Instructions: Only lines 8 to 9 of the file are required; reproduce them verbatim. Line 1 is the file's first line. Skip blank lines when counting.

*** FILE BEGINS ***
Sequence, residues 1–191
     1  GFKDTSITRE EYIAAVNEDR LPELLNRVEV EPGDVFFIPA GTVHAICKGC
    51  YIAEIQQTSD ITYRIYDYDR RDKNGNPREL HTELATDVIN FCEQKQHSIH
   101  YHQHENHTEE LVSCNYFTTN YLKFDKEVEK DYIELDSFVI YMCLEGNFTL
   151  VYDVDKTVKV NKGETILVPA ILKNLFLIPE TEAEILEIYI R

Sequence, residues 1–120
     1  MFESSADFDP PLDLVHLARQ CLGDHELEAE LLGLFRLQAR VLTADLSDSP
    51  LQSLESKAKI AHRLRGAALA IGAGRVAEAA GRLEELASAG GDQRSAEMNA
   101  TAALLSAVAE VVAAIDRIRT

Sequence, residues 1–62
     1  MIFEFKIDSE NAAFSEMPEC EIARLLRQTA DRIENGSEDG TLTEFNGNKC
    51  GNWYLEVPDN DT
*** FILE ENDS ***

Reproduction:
    51  LQSLESKAKI AHRLRGAALA IGAGRVAEAA GRLEELASAG GDQRSAEMNA
   101  TAALLSAVAE VVAAIDRIRT